The Confidence Code

The Science and Art of Self-Assurance - What Women Should Know
Narrated by: Sandy Rustin
Length: 6 hrs and 45 mins
4.5 out of 5 stars (1,709 ratings)

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Publisher's Summary

Following the success of Lean In and Why Women Should Rule the World, the authors of the best-selling Womenomics provide an informative and practical guide to understanding the importance of confidence - and learning how to achieve it - for women of all ages and at all stages of their career.

Working women today are better educated and more well-qualified than ever before. Yet men still predominate in the corporate world. In The Confidence Code, Claire Shipman and Katty Kay argue that the key reason is confidence.

Combining cutting-edge research in genetics, gender, behavior, and cognition - with examples from their own lives and those of other successful women in politics, media, and business - Kay and Shipman go beyond admonishing women to "lean in". Instead, they offer the inspiration and practical advice women need to close the gap and achieve the careers they want and deserve.

PLEASE NOTE: When you purchase this title, the accompanying reference material will be available in your My Library section along with the audio.

©2014 Katty Kay and Claire Shipman (P)2014 HarperCollins Publishers
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    4 out of 5 stars

Stop Ruminating and Give it a Listen

Any additional comments?

I read the teaser article about this book in The Atlantic and was intrigued enough to read the actual book. I'm not a self-help or trendy non-fiction reader, so this book was quite the departure for me. However, the thesis presented in the article in the The Atlantic really resonated with me.

As an adult whose returned to college, I often find myself appalled at the lack of confidence and agency in the young women I take classes with. Often, in many settings from school to work I find myself as the only outspoken woman in a group, and even then, I know how much confidence I lack in comparison to my male colleagues.

I interned at a literary journal and while 70 to 80 percent of the classes, workshops and conferences for creative writing I attend are populated by women, strangely those numbers flip when it comes to who is submitting work to magazines and journals. It's strange that while the majority of writing students are female, an overwhelming majority of those who submit stories are male. It's something I've always found puzzling and concerning. But after reading this book it seems to me that a business, like writing, that involves monumental amounts of rejection, is something women in our society have not been trained to accept.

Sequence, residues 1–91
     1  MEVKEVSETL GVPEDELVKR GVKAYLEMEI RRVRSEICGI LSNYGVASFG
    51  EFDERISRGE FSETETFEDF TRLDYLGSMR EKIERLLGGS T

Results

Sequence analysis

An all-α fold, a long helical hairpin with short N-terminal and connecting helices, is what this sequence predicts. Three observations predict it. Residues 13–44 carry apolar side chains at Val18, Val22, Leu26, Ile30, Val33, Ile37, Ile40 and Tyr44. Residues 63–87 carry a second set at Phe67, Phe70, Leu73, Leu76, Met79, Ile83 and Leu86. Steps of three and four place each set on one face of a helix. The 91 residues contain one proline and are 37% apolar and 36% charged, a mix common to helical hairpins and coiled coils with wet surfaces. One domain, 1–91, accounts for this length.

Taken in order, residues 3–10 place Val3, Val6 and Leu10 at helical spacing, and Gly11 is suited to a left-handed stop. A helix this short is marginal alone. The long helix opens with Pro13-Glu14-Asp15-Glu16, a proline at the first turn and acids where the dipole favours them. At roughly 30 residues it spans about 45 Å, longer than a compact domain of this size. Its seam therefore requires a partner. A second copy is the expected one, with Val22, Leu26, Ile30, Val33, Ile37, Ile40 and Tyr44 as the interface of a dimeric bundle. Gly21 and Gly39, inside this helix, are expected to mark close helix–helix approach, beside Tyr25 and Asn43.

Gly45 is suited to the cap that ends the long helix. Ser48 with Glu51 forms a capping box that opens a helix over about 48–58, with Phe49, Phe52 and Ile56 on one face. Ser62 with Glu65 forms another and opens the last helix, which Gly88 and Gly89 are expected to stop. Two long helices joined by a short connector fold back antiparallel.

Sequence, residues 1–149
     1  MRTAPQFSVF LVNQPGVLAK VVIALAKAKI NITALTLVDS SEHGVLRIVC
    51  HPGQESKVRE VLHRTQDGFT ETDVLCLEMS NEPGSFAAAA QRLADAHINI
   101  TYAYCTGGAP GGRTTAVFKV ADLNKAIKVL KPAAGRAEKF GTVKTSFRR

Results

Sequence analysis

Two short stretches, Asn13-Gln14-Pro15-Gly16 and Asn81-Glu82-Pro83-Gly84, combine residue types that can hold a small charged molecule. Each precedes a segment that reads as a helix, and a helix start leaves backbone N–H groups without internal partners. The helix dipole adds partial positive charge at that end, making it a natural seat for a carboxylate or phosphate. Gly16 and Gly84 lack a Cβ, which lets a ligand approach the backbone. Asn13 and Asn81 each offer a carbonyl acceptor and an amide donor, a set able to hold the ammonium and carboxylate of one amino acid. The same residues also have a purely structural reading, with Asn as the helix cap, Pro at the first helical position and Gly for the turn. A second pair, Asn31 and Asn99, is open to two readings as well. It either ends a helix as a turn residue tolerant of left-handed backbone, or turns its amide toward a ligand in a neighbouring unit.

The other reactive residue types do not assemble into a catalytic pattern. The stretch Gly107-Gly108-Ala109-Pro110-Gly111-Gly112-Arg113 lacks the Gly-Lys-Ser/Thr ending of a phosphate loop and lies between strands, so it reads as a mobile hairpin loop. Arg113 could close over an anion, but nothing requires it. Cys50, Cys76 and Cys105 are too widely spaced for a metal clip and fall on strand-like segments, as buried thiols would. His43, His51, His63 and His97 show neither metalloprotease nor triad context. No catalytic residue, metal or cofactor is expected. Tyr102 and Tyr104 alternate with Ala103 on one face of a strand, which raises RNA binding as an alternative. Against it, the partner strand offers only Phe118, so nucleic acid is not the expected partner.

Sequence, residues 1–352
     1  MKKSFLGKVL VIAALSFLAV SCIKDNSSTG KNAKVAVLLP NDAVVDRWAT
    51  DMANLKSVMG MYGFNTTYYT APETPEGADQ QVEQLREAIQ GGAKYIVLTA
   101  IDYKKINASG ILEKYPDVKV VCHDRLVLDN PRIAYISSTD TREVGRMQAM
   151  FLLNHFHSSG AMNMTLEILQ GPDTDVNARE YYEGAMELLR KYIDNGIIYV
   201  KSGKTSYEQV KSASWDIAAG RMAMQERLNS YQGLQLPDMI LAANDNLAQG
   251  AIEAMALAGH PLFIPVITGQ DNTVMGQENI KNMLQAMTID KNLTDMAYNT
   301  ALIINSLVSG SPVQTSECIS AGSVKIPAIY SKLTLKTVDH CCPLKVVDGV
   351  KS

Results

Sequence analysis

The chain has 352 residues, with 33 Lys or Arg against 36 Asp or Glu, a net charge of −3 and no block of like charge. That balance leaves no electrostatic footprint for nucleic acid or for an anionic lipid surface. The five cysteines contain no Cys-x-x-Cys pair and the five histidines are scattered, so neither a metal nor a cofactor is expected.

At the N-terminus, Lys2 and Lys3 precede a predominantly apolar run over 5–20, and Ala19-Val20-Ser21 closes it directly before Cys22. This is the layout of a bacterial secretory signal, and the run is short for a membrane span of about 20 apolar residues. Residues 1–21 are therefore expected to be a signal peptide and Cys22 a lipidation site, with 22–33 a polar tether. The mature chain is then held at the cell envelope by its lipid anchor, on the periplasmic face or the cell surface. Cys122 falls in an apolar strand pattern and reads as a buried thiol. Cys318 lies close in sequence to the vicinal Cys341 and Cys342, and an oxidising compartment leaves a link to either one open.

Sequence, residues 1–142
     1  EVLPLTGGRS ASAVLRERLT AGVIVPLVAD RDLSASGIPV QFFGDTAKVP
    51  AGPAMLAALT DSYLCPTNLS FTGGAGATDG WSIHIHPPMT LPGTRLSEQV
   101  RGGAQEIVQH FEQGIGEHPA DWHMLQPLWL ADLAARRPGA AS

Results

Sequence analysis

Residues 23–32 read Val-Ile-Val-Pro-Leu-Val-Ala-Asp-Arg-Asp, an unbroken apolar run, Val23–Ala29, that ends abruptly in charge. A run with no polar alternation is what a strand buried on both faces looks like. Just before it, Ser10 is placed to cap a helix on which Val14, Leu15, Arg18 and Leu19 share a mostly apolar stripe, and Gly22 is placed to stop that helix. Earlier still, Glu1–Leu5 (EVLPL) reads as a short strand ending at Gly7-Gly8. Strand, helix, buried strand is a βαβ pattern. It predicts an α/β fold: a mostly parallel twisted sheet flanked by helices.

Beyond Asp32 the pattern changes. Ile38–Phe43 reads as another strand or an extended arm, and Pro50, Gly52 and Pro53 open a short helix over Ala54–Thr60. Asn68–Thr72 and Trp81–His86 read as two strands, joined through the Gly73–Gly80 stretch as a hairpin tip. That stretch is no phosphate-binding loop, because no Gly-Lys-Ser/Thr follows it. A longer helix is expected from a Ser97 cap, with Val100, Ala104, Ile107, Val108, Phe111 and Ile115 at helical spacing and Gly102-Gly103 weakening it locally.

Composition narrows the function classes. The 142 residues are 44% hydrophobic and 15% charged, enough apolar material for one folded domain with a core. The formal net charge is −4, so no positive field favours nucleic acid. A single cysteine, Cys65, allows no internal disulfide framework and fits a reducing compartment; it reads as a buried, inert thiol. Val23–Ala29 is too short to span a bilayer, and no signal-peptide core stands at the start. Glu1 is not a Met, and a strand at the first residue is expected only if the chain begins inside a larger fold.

One of the main ideas in the book is that women are not given the same opportunities as men to fail and fail often enough to become well-practiced in failure, and thus when encountering failure in the real world for the first time as adults, we shrink back and learn we can't fail if we don't try. Which becomes learned helplessness. Women learn to only go for sure-bets and keep reinforcing their lack of confidence by avoiding failure. The book posits that failure, and lots of it, is a necessary building block of confidence.

I wish a lot attitudes and ideas in this book were not true. It was disheartening to realize how much we as women tend to work against ourselves and our success in order to be considered "good girls." There are three things I will take away from this book and internalize for life. Fail harder, stop ruminating, and own my success - I will never again credit luck for what I have achieved.

There are no great epiphany "ah-ha!" moments here, but rather confirmation backed up by scientific studies on why we, as women, lag behind once we leave the sheltered world of school to the business environment. But the book is quick to note, as well, that it's not as easy as Leaning In, because self-assertive women at work are labeled as aggressive bitches. And for this, the book has no solutions, save some very wide platitudes about blending male and female qualities to succeed in the workplace. And that is a very nuanced process that would probably take up another book.

Great read if you have a daughter, work with girls, or if you're doing everything right, but not getting ahead at work and can't figure out why.